Home » Man Tried to Travel the Atlantic in a Hamster Wheel, U.S. Says. Again.
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Man Tried to Travel the Atlantic in a Hamster Wheel, U.S. Says. Again.

The man, Reza Baluchi, 51, was charged Tuesday in connection with the attempted voyage from Florida to London, cut short when the authorities caught up with him off the coast of Georgia last month.

As Hurricane Franklin was barreling toward the Eastern United States last month, the United States Coast Guard, preparing off the coast of Georgia, encountered another unexpected phenomenon.

Alone at sea was a man in a buoyant human-size hamster wheel who claimed he was trying to journey on the Atlantic Ocean. Again.

The man, Reza Baluchi, 51, of Florida, told officers he had planned to travel more than 4,000 miles to London in the homemade vessel, which the Coast Guard later described as unsafe, given that it was built with buoys. Mr. Baluchi, who has been attempting similar voyages since 2014, threatened to kill himself should officers interrupt his mission, the Coast Guard said.

He was eventually persuaded to leave his vessel on Aug. 29 and was charged in federal court in Miami on Tuesday with obstruction of boarding and violation of the Captain of the Port Order.

According to the Coast Guard, Mr. Baluchi was first spotted on Aug. 26, around 70 nautical miles off the coast of Tybee Island, Ga. Officers asked him to show his registration documents, but he could not find them, according to a complaint filed Tuesday in the U.S. District Court for the Southern District of Florida in Miami.

When officers approached Mr. Baluchi’s vessel in a smaller boat and asked him to disembark, he said he had a 12-inch knife and would kill himself, so they returned to their ship, which remained nearby, according to the complaint. The next day, officers tried again, but this time Mr. Baluchi showed them two knives, again threatening to kill himself. He then grabbed some wires and said he would blow himself up, according to the documents. Later, he told the officers that the so-called bomb was fake.

It was two days before officers — who had tried to deliver food, water and news of the approaching hurricane to Mr. Baluchi — were finally able to coax him from his floating wheel. On Friday, they brought him ashore in Miami Beach.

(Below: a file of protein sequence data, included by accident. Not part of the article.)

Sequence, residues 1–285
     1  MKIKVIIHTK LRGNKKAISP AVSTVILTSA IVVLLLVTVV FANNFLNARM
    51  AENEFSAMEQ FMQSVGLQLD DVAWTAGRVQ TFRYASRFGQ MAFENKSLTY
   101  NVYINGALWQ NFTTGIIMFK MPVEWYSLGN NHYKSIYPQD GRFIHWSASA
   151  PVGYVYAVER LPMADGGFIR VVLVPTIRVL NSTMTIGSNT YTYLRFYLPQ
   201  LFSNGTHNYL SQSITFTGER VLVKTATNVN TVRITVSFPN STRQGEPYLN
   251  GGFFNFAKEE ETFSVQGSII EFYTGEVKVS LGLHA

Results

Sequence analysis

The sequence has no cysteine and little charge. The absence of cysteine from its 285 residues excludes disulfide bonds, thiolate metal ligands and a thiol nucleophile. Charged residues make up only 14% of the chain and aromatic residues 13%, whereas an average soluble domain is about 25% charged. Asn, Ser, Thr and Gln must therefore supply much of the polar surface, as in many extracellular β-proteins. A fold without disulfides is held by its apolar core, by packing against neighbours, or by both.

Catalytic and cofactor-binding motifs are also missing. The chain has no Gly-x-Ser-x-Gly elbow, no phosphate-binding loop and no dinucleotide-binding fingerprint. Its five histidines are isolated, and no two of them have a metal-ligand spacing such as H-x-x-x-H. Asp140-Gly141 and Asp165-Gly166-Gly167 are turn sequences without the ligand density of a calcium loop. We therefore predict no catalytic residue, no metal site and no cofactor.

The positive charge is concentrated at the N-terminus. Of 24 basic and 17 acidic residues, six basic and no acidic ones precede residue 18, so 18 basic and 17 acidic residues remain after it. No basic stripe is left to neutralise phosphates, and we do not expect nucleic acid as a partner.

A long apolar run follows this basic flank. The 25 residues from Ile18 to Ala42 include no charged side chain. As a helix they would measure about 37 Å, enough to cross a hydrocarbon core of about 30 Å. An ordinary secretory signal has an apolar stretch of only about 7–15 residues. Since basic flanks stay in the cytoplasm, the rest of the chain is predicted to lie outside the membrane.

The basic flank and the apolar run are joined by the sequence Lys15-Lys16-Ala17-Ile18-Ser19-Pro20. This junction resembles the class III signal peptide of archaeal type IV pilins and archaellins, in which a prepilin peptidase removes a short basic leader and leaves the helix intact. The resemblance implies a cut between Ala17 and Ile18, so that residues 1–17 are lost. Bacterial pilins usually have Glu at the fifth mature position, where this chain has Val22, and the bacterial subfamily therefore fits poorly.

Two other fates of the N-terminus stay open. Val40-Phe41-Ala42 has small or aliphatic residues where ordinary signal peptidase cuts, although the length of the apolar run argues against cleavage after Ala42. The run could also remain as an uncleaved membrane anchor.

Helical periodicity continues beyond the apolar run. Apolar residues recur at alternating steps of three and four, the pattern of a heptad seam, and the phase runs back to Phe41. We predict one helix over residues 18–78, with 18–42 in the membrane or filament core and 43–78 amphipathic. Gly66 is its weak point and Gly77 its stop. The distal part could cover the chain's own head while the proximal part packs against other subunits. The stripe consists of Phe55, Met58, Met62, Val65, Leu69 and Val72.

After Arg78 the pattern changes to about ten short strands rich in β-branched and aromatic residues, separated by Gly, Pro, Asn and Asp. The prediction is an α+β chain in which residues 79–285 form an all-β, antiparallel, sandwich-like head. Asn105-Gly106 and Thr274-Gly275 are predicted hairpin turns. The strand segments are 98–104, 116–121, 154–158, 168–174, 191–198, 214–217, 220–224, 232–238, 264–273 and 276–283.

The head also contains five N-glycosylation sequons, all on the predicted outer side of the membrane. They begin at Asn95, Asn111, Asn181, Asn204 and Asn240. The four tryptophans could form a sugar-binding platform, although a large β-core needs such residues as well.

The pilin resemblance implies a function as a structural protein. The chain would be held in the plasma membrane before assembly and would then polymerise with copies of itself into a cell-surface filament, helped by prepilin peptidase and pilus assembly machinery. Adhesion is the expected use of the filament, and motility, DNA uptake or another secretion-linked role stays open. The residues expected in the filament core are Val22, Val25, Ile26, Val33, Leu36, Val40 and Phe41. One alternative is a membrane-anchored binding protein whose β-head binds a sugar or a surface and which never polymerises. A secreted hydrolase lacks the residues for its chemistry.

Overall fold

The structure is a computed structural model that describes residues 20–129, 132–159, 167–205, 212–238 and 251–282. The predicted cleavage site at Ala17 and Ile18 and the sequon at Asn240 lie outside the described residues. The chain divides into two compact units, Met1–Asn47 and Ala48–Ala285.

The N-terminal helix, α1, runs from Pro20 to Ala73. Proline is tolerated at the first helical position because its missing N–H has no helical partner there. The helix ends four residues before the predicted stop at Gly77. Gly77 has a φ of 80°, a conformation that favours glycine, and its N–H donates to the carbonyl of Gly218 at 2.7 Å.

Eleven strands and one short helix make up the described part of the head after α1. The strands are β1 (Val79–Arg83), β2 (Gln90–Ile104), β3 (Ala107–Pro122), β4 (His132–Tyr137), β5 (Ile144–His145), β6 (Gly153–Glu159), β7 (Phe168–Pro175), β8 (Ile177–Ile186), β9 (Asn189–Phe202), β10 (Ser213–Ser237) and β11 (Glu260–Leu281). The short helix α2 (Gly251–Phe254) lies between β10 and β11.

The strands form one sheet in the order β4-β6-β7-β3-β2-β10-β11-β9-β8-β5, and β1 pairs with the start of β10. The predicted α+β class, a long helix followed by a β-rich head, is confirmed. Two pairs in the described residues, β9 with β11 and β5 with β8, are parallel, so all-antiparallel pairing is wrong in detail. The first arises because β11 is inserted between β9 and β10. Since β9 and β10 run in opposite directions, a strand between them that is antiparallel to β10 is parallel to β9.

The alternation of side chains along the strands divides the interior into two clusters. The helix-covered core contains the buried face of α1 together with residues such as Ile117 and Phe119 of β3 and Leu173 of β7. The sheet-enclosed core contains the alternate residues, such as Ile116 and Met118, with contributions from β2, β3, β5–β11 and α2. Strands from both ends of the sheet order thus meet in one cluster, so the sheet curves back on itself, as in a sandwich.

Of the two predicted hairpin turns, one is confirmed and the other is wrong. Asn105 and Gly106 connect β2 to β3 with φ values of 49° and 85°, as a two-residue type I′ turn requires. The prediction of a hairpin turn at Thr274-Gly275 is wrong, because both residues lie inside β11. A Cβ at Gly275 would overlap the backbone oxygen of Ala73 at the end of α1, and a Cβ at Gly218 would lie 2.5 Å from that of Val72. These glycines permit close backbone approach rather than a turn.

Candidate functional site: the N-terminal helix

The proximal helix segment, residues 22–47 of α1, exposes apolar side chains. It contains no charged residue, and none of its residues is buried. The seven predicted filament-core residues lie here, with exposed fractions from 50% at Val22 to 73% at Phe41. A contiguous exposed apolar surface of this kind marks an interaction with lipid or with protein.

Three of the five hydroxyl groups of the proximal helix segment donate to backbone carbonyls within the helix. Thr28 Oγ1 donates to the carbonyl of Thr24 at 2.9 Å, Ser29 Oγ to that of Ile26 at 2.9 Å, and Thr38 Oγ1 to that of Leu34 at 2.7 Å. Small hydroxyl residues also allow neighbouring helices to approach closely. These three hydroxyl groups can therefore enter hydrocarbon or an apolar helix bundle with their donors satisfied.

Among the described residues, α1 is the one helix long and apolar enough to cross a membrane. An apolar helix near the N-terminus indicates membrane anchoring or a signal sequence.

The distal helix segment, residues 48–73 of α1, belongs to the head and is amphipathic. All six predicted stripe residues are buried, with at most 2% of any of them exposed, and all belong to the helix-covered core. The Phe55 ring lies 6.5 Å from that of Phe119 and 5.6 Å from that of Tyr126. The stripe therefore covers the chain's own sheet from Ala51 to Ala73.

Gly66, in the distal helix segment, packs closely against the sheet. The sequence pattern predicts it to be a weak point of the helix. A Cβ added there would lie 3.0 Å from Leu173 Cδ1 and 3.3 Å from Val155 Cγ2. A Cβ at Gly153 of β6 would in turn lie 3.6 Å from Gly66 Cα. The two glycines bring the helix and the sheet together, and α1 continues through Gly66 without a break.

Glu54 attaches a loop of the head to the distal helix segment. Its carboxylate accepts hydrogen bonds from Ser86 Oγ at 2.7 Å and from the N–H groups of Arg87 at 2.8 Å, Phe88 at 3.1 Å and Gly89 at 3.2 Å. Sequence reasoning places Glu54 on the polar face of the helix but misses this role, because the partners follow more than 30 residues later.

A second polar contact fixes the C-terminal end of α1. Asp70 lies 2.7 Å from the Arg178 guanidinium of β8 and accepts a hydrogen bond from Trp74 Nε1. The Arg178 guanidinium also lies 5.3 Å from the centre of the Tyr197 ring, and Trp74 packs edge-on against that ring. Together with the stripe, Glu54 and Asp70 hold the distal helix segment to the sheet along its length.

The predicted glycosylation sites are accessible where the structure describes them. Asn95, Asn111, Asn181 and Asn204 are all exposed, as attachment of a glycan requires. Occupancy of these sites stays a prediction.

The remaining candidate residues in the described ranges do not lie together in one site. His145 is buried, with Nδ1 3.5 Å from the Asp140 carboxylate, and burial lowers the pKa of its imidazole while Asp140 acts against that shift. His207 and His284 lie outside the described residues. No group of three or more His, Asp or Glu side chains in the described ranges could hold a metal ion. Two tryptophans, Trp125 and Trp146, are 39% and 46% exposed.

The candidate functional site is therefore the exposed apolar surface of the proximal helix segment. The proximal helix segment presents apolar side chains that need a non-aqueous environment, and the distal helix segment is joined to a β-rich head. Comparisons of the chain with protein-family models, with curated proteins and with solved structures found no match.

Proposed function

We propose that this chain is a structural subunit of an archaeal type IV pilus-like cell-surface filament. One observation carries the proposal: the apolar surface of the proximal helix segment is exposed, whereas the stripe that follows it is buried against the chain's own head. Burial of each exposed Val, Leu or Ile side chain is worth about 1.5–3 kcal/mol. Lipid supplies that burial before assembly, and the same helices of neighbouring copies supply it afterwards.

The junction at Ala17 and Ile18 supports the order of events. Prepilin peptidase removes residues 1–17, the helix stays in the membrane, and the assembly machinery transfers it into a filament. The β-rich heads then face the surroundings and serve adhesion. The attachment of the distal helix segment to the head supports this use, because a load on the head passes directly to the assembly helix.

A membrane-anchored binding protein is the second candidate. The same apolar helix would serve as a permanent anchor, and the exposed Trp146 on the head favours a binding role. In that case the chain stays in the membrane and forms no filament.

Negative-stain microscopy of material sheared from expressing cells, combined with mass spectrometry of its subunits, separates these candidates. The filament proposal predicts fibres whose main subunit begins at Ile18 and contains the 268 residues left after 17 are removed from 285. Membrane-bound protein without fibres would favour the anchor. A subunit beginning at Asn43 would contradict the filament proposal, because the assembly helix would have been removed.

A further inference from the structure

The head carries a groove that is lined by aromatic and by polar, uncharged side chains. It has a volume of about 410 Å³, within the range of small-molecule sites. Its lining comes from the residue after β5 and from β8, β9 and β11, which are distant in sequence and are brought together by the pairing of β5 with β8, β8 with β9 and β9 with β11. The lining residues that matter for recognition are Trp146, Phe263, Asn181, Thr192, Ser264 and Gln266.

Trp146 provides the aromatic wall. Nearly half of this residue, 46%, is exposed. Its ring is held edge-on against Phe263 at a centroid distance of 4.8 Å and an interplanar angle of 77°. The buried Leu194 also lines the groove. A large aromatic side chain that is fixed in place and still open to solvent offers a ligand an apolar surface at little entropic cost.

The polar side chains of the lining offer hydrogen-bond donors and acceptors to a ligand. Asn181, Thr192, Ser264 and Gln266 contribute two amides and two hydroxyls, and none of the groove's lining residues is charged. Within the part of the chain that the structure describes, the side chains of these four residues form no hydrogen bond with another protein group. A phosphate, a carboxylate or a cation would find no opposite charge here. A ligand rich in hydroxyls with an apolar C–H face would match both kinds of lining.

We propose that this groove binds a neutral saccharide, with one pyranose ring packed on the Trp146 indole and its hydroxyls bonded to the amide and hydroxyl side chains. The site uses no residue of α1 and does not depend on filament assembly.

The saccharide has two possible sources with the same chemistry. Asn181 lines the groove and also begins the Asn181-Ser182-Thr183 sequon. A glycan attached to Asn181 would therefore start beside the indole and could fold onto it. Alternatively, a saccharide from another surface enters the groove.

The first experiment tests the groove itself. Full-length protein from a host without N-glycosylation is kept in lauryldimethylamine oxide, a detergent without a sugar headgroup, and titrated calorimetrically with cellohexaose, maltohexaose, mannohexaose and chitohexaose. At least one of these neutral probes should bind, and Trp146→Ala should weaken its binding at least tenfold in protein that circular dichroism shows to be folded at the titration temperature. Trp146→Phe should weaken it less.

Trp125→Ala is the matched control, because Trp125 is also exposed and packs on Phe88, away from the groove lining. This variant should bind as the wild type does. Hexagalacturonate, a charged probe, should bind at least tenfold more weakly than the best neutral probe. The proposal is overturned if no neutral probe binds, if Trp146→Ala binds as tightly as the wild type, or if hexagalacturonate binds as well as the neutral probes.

Neither Mr. Baluchi, who said he was born in Iran and was granted asylum in the United States, nor his lawyer could immediately be reached for comment on Wednesday evening. The Justice Department refused to comment further on the case.

According to court documents, the voyage was Mr. Baluchi’s fourth attempt in a decade at traveling on the ocean in a homemade contraption. Each time, the Coast Guard ultimately intervened, according to court records.

In 2021, beachgoers were stunned when he popped out of a top hatch of a wheel, having traveled just 25 miles of his planned route from St. Augustine, Fla., to New York, using the power of his two legs and, if all had gone according to plan, the Gulf Stream.

Mr. Baluchi had spent thousands of dollars making improvements to that craft, called a hydro pod, which was equipped with a satellite phone, a water filtration system, a solar array, neoprene wet suits and a stockpile of granola and ramen noodles, he said in an interview at the time. But he aborted his adventure when he realized his backup GPS device and charging cables were missing.

“I know what I’m doing,” he said in the 2021 interview, in which he noted that the purpose of his attempted trips was to raise money to help homeless people and for other charitable causes. He added, “I am not dumb.”

According to the authorities, Mr. Baluchi also attempted trips on the ocean in a homemade vessel in 2014 and 2016. The year after the first attempt, he was served an order advising him that his vessel was unsafe and outlining the requirements for making it seaworthy. Those included clearing any voyages with the relevant authorities and making sure he had a support vessel.

Mr. Baluchi was released on Tuesday on $250,000 bond, according to court documents, which note that he “may not go to the ocean or board a vessel on to the ocean.”

Source : Nytimes